The most idealistic health care reformers tend to focus upon expanding access to products and services without reference to the quality, or costs associated with providing that access. In the real world, when we make a purchase we do so based on quality and cost and providers are forced to compete based on the basis of either quality or cost. Unfortunately, this mechanism has been disabled by the U.S. government and the health care industry.
Let’s agree that no one wants universal access to low quality health care. While this sounds reasonable enough, the quality of health care is notoriously difficult to measure. The word “quality” raises the question of value and is expressed as “good” or “bad.” A necessary condition for the determination of quality is the capacity of the buyer to judge between good and bad: call it quality- sensitivity. Access to reliable qualitative information is a necessary condition for quality-sensitivity. In health care the quality-sensitivity of individual buyers is shaped by many factors. However, patients actually have notoriously imperfect information about the quality of their insurance, products, services, and providers.
As stated in my previous blog, the quality of health insurance is usually measured in terms of comprehensiveness, and most Americans have very little reliable information at their disposal in respect to the quality of their health insurance policies. In other words, you usually become quality-sensitive to the comprehensiveness of your insurance AFTER your providers file a claim, it’s rejected by your insurance company, and you get a bill from a provider. Although in recent years insurance language has become a bit more penetrable, it is still notoriously difficult for buyers to make informed decisions about the quality of the insurance products they purchase. The ability of the insurance industry to disguise the quality of its products behind a wall of impenetrable jargon has produced an epidemic of quality insensitivity within that industry. Unfortunately, we do eventually become quality- sensitive after we discover that out health insurance lacks comprehensiveness.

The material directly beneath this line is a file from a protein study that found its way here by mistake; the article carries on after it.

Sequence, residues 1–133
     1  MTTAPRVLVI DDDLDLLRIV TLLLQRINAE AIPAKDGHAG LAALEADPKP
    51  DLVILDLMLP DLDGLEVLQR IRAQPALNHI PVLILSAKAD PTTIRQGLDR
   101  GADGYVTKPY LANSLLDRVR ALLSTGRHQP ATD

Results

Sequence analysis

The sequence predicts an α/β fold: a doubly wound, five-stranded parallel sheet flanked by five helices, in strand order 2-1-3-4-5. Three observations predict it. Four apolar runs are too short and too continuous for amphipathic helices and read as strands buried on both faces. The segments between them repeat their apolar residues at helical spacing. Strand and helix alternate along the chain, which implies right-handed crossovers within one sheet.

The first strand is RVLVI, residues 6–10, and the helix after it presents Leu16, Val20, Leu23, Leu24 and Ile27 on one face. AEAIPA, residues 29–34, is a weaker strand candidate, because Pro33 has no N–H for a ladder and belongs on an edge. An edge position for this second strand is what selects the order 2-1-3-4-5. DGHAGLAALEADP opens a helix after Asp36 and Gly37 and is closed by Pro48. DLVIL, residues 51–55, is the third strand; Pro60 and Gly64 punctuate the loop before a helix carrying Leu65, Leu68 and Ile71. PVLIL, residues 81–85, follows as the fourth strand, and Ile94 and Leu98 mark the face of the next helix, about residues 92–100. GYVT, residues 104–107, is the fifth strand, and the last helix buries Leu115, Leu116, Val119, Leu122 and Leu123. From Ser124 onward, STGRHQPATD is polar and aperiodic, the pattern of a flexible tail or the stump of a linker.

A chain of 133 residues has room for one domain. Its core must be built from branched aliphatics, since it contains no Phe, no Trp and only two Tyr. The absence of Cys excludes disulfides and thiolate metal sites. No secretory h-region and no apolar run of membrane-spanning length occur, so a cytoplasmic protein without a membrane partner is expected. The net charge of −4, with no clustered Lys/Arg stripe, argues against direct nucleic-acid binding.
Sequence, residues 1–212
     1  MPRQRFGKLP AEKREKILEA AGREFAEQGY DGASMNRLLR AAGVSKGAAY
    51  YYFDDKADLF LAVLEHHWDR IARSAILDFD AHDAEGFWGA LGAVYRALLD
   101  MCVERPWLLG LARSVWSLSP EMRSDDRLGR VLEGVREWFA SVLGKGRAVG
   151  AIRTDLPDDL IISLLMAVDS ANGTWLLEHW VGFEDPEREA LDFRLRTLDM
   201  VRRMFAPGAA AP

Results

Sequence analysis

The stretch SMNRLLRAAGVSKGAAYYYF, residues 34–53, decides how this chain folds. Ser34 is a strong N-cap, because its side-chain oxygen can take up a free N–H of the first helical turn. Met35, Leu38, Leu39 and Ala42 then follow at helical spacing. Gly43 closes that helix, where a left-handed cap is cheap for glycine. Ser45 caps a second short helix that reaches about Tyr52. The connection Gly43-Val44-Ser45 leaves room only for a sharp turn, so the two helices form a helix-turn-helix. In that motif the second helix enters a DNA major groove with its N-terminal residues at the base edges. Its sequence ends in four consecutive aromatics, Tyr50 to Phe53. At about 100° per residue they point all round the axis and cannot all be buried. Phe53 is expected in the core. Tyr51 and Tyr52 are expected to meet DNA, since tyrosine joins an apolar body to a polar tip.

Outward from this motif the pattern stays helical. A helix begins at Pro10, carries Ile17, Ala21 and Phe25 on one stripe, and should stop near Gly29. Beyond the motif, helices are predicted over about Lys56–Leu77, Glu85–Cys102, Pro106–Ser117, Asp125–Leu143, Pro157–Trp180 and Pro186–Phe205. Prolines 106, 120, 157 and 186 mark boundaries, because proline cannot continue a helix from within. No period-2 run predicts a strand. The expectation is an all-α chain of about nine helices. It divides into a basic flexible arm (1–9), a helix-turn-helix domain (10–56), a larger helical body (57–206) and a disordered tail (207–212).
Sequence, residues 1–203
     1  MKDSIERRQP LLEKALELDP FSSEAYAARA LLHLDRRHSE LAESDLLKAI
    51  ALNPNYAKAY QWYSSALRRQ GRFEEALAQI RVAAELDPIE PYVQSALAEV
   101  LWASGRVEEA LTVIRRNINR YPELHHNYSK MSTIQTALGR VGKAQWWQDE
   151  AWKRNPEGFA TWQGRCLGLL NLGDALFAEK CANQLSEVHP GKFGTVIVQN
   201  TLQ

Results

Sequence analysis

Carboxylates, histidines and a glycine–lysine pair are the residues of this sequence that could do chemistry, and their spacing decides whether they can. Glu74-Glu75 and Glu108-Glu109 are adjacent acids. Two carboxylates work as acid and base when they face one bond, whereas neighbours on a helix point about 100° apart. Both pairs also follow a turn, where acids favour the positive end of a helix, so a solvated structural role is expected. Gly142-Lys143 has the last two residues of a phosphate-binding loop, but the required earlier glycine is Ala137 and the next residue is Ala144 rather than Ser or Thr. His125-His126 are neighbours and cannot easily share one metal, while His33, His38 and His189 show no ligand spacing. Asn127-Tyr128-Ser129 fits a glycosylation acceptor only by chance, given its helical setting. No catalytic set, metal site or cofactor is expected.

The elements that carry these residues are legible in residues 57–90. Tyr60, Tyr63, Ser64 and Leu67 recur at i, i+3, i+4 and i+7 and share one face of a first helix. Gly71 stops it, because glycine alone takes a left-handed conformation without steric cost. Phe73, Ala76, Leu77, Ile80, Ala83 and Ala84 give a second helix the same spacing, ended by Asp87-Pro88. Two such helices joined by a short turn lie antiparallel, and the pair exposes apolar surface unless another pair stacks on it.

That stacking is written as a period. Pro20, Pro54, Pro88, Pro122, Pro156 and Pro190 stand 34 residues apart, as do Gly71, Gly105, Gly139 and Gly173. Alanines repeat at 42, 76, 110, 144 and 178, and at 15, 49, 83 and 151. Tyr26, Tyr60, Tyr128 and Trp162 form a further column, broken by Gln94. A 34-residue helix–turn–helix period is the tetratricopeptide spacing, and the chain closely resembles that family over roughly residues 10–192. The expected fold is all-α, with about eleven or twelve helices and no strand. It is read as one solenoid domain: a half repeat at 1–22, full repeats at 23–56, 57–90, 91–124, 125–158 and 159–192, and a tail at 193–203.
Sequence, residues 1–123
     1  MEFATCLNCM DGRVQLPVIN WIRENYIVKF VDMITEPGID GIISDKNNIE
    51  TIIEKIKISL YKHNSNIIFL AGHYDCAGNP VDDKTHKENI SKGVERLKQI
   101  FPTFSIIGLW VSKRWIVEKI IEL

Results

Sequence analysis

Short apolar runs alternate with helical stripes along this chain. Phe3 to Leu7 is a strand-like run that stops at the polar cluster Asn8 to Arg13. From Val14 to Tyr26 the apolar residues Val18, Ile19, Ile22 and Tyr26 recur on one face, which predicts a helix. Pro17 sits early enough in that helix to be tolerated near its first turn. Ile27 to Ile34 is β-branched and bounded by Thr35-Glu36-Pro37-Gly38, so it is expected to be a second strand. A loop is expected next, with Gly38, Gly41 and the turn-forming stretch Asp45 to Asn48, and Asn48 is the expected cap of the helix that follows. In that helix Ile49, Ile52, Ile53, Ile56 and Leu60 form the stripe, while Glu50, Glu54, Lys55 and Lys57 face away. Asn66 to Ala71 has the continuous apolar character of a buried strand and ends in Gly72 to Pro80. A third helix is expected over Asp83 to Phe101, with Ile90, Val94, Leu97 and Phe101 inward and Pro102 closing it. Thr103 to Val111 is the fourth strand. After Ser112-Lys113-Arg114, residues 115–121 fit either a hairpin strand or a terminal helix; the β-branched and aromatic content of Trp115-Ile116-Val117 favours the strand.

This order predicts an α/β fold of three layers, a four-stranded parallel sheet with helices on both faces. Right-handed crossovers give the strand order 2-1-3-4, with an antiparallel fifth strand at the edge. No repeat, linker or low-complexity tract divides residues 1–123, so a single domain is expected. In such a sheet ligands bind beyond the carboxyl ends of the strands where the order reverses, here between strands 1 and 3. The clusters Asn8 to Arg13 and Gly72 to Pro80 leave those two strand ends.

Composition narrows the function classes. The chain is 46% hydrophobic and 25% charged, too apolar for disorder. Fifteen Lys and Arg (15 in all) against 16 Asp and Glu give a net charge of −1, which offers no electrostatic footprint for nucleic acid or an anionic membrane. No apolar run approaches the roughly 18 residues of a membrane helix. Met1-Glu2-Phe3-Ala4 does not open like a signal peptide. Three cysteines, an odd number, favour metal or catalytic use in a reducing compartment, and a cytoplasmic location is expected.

If we lack sufficient information in regard to the quality of our health insurance, we are equally ignorant of the quality of the products and services offered by its providers. The quality of the products and services is based on “safety and effectiveness,” which are determined by scientific investigations supervised by an understaffed and under-funded Food and Drug Administration. We also lack reliable qualitative information in regard to the providers of health care; especially the quality of physicians, allied health professionals, and hospitals. Information in regard to malpractice lawsuits and infection rates of hospitals are systemically well hidden. Given the elusive nature of the quality of health insurance, products and services, providers, and institutions the quality of our national health care system is ultimately inscrutable.
National reformers typically cite statistical data indicating that the U.S. system lags behind other industrialized nations in certain qualitative measures such as: infant mortality and life expectancy. But the basic problem is that national statistics mask local and regional variation: especially in large populous nations. Obviously, the United States has a much larger and has a more diverse population than Canada and European countries, and therefore, we would naturally expect to find a lot more local and regional variation in terms of infant mortality and life expectancy.
As stated in my earlier blog, national statistics also mask variation in access to health care between rural and urban areas. Based on commonly cited statistics, the United States (as a whole) ranks 32nd in infant mortality: with rate of about 6.3 per thousand births. Iceland ranks first with a rate of 2.9, followed by Japan at 3.2. However, this less than flattering statistic masks local and regional variation. For example, despite having one of the best neonatal intensive care units in the world (Children’s Hospital) Hamilton County, Ohio has an infant mortality rate of 13.9, or about twice the national average. Another problem with these rankings is the reliability of the reporting. In Cincinnati, the infant mortality rate says more about the lifestyles of mothers than it does about access to high quality of health care products and services.